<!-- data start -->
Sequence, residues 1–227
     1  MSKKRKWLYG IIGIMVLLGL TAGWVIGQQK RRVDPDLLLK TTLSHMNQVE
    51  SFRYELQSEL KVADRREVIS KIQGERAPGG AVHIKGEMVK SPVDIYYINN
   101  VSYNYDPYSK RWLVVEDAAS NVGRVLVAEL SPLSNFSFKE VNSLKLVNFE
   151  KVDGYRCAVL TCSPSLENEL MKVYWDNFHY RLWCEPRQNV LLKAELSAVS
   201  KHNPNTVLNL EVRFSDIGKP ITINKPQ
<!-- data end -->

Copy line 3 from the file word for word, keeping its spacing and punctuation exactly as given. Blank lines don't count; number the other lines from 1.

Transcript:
    51  SFRYELQSEL KVADRREVIS KIQGERAPGG AVHIKGEMVK SPVDIYYINN